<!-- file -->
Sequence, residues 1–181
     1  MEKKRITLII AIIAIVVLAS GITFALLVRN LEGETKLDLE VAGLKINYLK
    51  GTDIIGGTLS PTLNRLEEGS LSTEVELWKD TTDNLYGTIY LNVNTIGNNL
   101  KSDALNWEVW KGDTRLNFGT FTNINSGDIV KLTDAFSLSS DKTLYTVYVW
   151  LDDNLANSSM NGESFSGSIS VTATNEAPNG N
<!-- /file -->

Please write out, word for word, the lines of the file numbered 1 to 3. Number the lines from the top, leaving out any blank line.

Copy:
Sequence, residues 1–181
     1  MEKKRITLII AIIAIVVLAS GITFALLVRN LEGETKLDLE VAGLKINYLK
    51  GTDIIGGTLS PTLNRLEEGS LSTEVELWKD TTDNLYGTIY LNVNTIGNNL